Concept Design For An 18 metre Long Pool
We have developed a scheme for an 18 metre long pool, sauna and ancillary rooms housed in a new basement below the rear garden of a large detached house in Wimbledon.
The client is a keen swimmer and would like a long exercise pool in their house so that they can swim daily and enjoy the many benefits of this. The basement is also to house changing rooms and a seating area so that the client can host their friends and family who are also keen swimmers. The brief in terms of aesthetics is to provide a space that is durable but feels luxurious, with feature walls and lighting.
The house has a beautiful, landscaped garden and so the client has requested minimal impact to this during and after the works - the garden will be reinstated after construction and a small light well required for a secondary escape route will be the only indication that there is a basement below.
Our response to the brief
We have designed a 4 x 18 metre pool to one side of the basement running wall to wall - in order to minimise wasted space. The pool runs from the back of the house to towards the rear of the garden.
A walkway to one side of the pool provides access to the plant room and secondary fire escape and leads to shallow steps for easy access into the pool. Alongside the pool, a feature, built-in seating area and timber slatted sauna creates a relaxation and social area. This sits next to the entrance steps down into the pool area, which is separated by a glass screen to the hallway. A feature stair from the ground floor to the basement sits, almost sculptural-like in the hall and beyond this, changing facilities and showers have been created along with a large utility room.
As the client is very keen not to disturb the house, access down into the basement is via an existing utility room which is positioned at the lowest level of the garden and the house. This means that the dig out required for the basement would be less than elsewhere on the site, which varies greatly as it is on a hill. In some areas, allowing for a generous ceiling height and the space required for the pool depth and equipment, the depth of the basement would be around 9 metres across some of the site. We have played with levels internally in order to limit the depth in areas and also to create interest internally.
The choice of materials is very important to the feel of the space and as such we have spent a lot of time at the concept stage looking at samples and sourcing finishes to meet the client’s brief. We felt it was important to play with textures in order to create a warm and tactile space.
Feature large-format black tiles will line the walls and floor around the pool - creating a sense of drama and atmosphere. To contrast with this, the client wanted a warm, inviting turquoise colour to the pool, for which we have sourced an iridescent turquoise glass mosaic tile from Domus Tiles. This would glisten in the pool lighting below the water and create a warm, inviting glow. Elsewhere, to compliment the dark tiles, a limestone tile has been chosen.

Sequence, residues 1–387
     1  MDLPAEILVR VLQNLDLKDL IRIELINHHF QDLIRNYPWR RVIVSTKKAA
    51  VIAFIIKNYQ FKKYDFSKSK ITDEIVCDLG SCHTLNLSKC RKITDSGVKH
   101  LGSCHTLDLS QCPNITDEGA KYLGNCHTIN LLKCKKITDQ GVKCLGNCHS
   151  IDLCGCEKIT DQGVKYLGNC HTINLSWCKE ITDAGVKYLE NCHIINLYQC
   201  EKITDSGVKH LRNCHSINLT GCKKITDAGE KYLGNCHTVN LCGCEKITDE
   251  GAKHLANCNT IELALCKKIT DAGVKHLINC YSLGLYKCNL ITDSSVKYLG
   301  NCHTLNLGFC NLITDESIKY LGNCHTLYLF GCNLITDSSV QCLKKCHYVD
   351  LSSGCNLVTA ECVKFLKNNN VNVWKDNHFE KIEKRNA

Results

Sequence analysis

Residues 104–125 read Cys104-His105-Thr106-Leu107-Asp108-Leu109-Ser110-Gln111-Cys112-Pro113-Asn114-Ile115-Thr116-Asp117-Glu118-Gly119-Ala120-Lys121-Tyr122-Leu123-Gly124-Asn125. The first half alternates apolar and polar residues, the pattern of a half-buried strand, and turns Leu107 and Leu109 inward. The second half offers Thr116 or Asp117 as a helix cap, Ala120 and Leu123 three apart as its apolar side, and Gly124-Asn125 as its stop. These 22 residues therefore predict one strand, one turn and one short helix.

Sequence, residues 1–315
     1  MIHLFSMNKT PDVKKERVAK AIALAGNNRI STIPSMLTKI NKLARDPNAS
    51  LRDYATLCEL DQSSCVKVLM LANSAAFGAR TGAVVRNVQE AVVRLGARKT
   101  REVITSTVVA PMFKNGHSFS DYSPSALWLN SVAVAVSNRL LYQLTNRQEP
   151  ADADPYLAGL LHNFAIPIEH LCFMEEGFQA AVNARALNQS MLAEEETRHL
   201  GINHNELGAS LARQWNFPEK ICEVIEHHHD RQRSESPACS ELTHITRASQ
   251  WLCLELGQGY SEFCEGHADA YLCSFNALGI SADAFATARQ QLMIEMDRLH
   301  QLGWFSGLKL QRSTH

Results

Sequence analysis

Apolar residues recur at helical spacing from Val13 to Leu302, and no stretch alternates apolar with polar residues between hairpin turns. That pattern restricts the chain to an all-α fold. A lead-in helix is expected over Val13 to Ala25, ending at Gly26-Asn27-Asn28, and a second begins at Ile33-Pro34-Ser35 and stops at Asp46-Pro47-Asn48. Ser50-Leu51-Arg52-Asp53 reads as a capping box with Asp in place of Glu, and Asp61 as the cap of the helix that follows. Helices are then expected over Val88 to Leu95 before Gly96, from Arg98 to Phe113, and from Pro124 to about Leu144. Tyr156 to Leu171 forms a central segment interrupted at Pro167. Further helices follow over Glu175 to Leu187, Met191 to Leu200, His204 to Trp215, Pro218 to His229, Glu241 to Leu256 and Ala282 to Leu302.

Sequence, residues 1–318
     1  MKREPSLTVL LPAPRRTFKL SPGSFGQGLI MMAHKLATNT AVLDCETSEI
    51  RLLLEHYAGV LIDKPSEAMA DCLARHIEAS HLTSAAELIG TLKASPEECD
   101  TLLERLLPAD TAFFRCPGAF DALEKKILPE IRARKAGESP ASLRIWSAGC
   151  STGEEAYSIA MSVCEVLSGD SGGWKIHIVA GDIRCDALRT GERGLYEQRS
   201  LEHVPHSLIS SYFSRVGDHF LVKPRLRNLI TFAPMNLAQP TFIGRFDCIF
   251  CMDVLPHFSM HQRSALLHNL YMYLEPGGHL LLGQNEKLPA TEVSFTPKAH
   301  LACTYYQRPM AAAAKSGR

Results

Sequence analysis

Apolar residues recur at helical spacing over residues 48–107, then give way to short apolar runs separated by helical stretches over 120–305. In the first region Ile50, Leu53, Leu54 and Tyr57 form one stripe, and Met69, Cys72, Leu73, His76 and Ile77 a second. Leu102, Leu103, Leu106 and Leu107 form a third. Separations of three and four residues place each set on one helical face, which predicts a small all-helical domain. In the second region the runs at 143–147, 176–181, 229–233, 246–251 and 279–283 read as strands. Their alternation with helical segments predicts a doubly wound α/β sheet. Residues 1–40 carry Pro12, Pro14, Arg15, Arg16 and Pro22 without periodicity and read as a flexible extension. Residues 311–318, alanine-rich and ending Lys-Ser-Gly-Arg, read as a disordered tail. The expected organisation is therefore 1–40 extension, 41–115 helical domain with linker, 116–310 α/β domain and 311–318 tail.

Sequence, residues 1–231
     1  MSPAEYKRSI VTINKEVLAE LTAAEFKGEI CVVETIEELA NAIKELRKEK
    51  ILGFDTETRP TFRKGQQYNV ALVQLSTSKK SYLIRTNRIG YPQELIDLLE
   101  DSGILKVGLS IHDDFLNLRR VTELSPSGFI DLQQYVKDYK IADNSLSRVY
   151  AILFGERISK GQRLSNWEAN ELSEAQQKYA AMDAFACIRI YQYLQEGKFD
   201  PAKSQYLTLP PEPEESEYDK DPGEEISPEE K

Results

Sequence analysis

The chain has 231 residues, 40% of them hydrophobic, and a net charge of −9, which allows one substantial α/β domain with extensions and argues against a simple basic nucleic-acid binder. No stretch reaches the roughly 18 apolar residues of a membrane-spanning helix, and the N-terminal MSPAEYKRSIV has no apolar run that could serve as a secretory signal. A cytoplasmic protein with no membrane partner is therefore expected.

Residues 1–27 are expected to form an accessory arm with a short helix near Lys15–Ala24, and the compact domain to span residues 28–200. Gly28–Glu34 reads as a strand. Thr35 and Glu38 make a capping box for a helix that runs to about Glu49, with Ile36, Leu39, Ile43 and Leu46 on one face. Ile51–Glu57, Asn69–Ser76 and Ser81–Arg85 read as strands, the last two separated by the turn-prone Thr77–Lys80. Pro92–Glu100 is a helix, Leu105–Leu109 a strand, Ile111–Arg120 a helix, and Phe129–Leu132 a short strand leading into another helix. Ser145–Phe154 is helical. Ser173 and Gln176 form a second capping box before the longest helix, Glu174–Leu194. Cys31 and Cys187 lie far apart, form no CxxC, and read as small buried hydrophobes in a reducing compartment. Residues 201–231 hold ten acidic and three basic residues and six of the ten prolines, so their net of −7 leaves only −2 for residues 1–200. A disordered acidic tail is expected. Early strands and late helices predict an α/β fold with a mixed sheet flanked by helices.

The modern sauna by Nordic will be clad in black timber slats which extend to the seating area and bring texture and a softness to the space whilst corresponding to the black tiles. Internally the sauna will be finished in a light Alder wood and will be kept minimal and contemporary with recessed lighting and frameless glass screens providing a view of the pool and the seating area.
Feature pockets of light have been designed into the ceiling, which will be diffused by natural timber slats. These will bring a warmth and a softness to the pool area.
We have worked closely with Nordic Saunas and The London Swimming Pool Company from the start of the design process, in order to develop the scheme and ensure the technical aspect of the pool/sauna is accommodated from the start.
The Challenges of this scheme and site
The site has many challenges, not least because it is at the top of a steep hill and the levels vary across the garden by around a metre. Due to the depth required and the size of the pool, the dig out will be extensive and stability of the surrounding land is critical.
We have worked with the structural engineers Elite Designers closely from the beginning of the design process to establish a feasible way of building the basement, whilst causing the least amount of disruption to the house and garden (including mature trees) and coming in on budget/time. We have also had to carefully consider the phasing of the construction in order to get the large piling machinery into the site as side access is fairly tight.
As Merton require a Basement Impact Assessment to be submitted for all basements now, the engineers have started this and a set of site investigations by a specialist site investigation company has begun. The engineers will produce a structural method statement and drawings/calculations that show that the stability of the surrounding land or structures and drainage is not affected by the basement.
Another challenge of the site is that the site is in a conservation area and is adjacent to a Grade II Listed Church. The position of the pool and the proximity of the basement to the church is something that we will need to establish and we have carried out a pre-planning application with Merton in order to start discussions with the Conservation Officer on this.